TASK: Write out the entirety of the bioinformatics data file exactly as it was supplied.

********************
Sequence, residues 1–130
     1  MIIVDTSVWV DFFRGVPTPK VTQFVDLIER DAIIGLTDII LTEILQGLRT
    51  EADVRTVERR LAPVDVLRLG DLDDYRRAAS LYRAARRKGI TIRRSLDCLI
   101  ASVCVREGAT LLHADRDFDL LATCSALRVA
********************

Sequence, residues 1–130
     1  MIIVDTSVWV DFFRGVPTPK VTQFVDLIER DAIIGLTDII LTEILQGLRT
    51  EADVRTVERR LAPVDVLRLG DLDDYRRAAS LYRAARRKGI TIRRSLDCLI
   101  ASVCVREGAT LLHADRDFDL LATCSALRVA